Last week Jennifer and I had a visitor that stayed for dinner. Our quest enjoyed the dinner very much, but there was one thing she had a remark about: The olives that I served with the dinner!
According her these olives weren’t of the best quality. As she always had these shiny uniform coloured black olives. Those were the real good ones and those more greenish pale coloured I had were not.
I had some bad news for her!
The olives I served were brought back from Lesvos by Marissa and Richard, who spent their vacation there.
The thing is those deep dark shiny olives don’t exist, not by nature anyway.
Maybe lets first see what the difference is between green and black olives. The colour shows how ripe the olives were when they were picked. Green olives are picked before riping and black olives when they are ripe, which is when the colour turns black.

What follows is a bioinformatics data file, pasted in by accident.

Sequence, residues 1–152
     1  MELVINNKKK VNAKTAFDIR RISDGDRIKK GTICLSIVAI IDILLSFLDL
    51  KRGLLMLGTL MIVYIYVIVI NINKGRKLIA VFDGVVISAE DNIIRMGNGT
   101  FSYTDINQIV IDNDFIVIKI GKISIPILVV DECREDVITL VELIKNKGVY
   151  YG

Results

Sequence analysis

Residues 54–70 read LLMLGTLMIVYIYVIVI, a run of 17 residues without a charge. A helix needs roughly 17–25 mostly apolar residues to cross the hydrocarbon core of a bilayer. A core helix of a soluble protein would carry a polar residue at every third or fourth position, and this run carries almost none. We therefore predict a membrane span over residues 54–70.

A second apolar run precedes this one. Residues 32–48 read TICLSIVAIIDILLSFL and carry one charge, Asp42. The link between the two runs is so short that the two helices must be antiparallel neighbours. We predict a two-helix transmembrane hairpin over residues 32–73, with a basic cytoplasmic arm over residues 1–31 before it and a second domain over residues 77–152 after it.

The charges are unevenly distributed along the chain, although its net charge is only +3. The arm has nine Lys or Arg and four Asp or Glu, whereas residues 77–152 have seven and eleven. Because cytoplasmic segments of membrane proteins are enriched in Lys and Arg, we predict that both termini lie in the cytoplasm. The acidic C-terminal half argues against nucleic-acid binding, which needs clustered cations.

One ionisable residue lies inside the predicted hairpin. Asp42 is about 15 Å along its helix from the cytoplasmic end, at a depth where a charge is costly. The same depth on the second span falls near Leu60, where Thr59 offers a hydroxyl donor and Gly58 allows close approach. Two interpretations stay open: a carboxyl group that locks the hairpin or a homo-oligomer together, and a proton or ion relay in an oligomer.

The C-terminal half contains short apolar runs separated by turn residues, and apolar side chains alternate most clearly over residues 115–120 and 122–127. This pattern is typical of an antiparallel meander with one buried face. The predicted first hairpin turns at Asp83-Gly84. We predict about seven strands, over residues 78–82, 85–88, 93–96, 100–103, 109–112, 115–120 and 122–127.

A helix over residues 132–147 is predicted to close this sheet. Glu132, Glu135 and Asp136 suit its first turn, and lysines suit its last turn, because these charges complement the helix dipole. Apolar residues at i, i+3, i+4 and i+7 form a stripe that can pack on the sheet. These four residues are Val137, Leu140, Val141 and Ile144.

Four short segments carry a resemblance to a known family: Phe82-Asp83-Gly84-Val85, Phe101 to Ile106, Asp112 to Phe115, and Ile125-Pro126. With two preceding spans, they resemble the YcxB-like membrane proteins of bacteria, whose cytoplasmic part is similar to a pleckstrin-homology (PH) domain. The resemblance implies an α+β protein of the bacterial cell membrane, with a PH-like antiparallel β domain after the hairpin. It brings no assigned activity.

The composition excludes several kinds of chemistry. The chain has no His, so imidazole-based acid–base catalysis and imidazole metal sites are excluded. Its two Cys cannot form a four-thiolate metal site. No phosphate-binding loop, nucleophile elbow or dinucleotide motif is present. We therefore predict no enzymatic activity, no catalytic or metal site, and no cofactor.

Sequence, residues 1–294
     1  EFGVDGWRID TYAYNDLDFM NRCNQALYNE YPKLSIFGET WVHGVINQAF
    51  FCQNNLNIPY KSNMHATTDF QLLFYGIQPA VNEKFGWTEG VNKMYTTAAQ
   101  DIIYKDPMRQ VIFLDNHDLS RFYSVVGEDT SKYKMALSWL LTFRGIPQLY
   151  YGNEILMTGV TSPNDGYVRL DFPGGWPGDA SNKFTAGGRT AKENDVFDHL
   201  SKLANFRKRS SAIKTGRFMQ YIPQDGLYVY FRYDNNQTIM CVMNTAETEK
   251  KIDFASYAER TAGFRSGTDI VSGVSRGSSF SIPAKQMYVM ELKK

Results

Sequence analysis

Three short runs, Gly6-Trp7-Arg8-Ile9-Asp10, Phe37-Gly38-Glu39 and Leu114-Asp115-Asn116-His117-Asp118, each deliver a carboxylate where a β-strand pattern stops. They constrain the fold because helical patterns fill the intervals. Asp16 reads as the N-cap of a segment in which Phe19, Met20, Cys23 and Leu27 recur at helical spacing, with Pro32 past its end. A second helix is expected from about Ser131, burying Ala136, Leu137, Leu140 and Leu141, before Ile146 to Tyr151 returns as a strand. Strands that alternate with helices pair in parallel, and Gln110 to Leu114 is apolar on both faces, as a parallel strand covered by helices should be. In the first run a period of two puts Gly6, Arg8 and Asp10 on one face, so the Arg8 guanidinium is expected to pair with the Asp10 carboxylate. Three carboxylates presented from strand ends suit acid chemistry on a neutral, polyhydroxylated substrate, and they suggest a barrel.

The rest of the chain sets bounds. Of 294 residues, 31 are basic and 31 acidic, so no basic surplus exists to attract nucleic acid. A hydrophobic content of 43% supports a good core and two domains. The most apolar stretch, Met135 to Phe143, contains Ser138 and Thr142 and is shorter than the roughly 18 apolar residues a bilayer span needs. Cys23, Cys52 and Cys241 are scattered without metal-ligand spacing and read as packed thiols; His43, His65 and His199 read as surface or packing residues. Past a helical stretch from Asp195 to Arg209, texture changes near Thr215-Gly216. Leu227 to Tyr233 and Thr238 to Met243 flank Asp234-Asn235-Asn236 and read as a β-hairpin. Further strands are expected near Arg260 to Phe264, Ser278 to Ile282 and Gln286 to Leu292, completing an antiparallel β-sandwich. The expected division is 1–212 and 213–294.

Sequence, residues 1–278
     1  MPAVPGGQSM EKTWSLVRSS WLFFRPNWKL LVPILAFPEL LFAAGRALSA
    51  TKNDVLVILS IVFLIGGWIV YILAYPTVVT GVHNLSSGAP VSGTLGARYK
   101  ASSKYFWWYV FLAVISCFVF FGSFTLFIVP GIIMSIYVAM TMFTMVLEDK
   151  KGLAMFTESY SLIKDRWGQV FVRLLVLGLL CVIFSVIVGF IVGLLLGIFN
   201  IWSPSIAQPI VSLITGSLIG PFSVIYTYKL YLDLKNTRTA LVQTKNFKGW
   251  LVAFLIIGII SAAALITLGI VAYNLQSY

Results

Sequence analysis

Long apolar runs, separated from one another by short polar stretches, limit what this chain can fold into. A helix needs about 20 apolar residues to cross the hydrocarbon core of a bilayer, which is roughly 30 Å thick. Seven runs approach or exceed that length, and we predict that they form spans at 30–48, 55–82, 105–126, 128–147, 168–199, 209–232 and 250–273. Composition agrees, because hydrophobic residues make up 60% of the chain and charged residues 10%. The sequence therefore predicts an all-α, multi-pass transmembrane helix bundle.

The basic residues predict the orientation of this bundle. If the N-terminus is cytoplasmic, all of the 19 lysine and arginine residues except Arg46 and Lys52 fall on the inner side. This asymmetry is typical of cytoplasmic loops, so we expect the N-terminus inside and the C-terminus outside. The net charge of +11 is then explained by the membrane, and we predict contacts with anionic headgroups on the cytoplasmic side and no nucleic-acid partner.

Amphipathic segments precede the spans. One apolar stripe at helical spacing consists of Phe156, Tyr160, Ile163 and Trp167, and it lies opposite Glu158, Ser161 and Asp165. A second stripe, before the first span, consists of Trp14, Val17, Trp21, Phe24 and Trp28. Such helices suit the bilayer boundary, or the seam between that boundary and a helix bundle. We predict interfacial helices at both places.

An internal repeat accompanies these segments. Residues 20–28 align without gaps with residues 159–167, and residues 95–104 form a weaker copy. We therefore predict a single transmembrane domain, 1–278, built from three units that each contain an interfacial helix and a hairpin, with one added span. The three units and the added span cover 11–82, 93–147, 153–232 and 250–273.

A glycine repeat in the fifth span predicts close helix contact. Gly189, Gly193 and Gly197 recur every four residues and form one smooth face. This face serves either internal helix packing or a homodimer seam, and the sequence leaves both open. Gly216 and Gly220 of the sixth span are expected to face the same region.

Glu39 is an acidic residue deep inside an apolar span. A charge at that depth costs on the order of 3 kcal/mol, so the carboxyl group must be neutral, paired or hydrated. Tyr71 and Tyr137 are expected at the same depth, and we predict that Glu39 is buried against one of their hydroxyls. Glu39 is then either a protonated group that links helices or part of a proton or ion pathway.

Lets right away make a point here: Ripe olives are not black, they are more dark purple and are not uniform in colour (how much depends on the species). So these ripe “black” olives are not the deep black uniform coloured olives you can buy in the supermarket.
The shiny black olives from the supermarket are really green olives that are treated during the curing with calcium chloride salts, iron salts (ferrous gluconate). This gives them the dark shiny colour and they are this way faster edible.
There are some health concerns about calcium chloride salts and ferrous gluconate going around, but I don’t know how serious these have to be taken. But a fact is that olives treated with this salts lose in taste. This special strong taste the olives normally have is lost and that is a big pity. So taste was sacrificed here for how the olives look.
Of course the big Olive Companies in California will try to convince you other wise. But those who have tasted the “real natural” olives from Greece or Italy know better!
And oh, since our visit to Lesvos the Kolovi olive is my favourite, closely followed by the Kalamata.
For your trivia: Olives are fruits. Yes, they are .
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